Then singing is a form of art combining literature, music and dance and has long been a religious and cultural practice of Tay, Nung and Thai ethnic groups in the northern mountainous region of Vietnam during special occasions, such as village festivals. This type of singing is always accompanied by dan tinh (gourd lute).
The festival aims to honour, maintain and develop the practice of Then singing and dan tinh performance in modern life, said Nguyen Thi Hai Nhung, head of the Department of Traditional Culture under the Ministry of Culture, Sports and Tourism at a press conference on the festival held on May 4.
The event also offers chances for Then artisans and singers across the country to meet and share experience, she added.
Art troupes from 14 provinces and cities where many Tay, Nung and Thai ethnic people reside such as Cao Bang, Ha Giang, Tuyen Quang, Bac Kan, Lang Son, Thai Nguyen, Bac Giang, Quang Ninh, Yen Bai, Lao Cai, Son La, Dien Bien, Lai Chau and Dak Lak, will perform different types of Then singing.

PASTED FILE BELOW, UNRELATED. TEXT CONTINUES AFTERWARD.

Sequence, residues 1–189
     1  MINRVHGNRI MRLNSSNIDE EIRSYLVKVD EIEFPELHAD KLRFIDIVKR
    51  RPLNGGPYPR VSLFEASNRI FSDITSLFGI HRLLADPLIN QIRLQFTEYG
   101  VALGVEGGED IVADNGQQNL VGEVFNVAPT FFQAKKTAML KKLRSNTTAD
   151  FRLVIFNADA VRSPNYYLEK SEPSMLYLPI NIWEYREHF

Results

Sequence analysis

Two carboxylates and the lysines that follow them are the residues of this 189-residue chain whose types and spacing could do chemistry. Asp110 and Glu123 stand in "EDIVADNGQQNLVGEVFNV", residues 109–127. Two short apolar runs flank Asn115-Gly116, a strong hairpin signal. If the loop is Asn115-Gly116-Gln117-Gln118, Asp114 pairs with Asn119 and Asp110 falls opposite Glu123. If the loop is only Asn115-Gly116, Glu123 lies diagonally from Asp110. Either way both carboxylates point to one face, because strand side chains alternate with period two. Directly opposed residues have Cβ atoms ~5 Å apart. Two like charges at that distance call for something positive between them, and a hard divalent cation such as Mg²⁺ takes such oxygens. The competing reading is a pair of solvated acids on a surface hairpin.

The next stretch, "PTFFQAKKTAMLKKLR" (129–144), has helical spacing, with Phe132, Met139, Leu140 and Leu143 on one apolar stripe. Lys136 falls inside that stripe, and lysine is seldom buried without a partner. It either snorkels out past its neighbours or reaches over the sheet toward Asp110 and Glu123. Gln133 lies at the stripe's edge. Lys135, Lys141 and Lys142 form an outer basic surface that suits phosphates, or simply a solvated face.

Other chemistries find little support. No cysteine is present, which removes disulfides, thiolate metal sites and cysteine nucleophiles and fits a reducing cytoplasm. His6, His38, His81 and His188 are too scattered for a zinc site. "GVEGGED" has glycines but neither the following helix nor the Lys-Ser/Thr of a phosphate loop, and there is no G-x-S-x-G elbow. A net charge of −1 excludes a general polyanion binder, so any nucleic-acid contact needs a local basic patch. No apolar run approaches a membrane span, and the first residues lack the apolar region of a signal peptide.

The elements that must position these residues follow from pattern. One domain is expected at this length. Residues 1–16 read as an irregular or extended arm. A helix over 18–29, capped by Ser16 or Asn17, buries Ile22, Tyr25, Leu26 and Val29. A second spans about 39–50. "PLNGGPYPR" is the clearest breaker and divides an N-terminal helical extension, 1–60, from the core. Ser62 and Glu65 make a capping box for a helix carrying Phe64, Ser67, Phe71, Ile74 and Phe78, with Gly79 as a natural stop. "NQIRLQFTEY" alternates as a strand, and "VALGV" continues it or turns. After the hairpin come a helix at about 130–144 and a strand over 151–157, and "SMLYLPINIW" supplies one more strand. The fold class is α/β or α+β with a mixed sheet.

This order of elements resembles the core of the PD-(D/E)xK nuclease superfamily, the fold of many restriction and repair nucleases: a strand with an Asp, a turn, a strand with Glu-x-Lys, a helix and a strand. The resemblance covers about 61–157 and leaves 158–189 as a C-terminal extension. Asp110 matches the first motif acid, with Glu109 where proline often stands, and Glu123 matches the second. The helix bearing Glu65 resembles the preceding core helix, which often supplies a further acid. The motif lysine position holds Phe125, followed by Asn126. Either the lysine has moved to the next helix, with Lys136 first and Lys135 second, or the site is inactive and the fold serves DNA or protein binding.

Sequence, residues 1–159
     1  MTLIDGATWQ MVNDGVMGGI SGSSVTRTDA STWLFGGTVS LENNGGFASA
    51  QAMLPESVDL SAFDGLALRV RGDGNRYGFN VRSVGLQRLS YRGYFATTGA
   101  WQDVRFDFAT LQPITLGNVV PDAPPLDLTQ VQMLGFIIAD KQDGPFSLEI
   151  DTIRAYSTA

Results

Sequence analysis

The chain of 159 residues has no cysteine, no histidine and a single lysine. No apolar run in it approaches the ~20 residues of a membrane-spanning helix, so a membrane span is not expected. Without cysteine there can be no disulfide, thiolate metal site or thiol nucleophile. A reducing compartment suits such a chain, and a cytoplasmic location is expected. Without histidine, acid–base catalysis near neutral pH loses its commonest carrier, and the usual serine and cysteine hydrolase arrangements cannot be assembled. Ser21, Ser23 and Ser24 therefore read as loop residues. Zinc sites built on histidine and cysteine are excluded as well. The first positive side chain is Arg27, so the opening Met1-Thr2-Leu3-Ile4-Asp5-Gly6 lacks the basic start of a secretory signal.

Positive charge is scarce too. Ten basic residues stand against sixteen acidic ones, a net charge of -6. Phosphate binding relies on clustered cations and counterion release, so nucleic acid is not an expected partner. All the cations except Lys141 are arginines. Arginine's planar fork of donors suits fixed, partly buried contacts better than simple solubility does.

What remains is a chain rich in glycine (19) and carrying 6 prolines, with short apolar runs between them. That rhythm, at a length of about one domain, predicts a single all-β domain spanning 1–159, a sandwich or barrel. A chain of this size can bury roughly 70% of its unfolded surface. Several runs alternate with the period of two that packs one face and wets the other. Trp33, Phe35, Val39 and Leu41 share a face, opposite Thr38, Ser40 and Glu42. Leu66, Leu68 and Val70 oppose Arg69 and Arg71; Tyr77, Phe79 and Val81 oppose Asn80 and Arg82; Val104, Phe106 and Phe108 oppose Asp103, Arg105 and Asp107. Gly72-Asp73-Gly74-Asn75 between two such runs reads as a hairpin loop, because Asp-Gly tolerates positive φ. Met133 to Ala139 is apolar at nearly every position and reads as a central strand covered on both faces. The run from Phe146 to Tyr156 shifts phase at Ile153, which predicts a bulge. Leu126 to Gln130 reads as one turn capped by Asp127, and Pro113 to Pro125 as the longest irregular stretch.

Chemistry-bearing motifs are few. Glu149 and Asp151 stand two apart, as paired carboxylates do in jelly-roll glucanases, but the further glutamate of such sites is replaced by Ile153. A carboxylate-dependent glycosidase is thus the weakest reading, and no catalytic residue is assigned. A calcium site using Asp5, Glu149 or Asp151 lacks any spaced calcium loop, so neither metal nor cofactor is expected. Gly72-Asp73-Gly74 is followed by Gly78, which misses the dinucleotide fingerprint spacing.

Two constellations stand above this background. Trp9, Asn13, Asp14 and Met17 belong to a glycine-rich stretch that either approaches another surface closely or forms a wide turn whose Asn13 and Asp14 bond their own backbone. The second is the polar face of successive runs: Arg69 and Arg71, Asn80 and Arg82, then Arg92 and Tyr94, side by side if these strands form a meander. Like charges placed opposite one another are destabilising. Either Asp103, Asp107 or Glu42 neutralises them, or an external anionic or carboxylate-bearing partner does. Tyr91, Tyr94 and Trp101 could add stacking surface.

The opening ceremony is slated for May 13 and will be broadcast live, while the closing ceremony will take place the day after.
A series of sub-events will be held in the festival, including performances of Then singing in respective provinces and cities, a photo exhibition on Then cultural heritage and introduction of traditional weaving of Tay, Nung and Thai ethnic groups. Ha Giang province will also organise several activities to promote its tourism.
Then singing is performed during significant events, such as prayer ceremonies for peace, good crops and good health, as well as to bring cheer and drive away sorrows.
It is said to have originated in the late 15th century during the rule of Mac Dynasty. Legend has it that in Mac Dynasty, there were two kings who had special love for music and singing. They developed a handmade gourd lute called dan tinh and established two singing troupes to perform at the royal court. Ordinary people found it interesting and started learning it, preserving this form of singing till date.
Last year, the Ministry of Culture, Sports and Tourism signed a dossier on then singing practice of the Tay, Nung and Thai ethnic groups of Vietnam for submission to UNESCO asking for the singing form’s recognition as part of the intangible cultural heritage.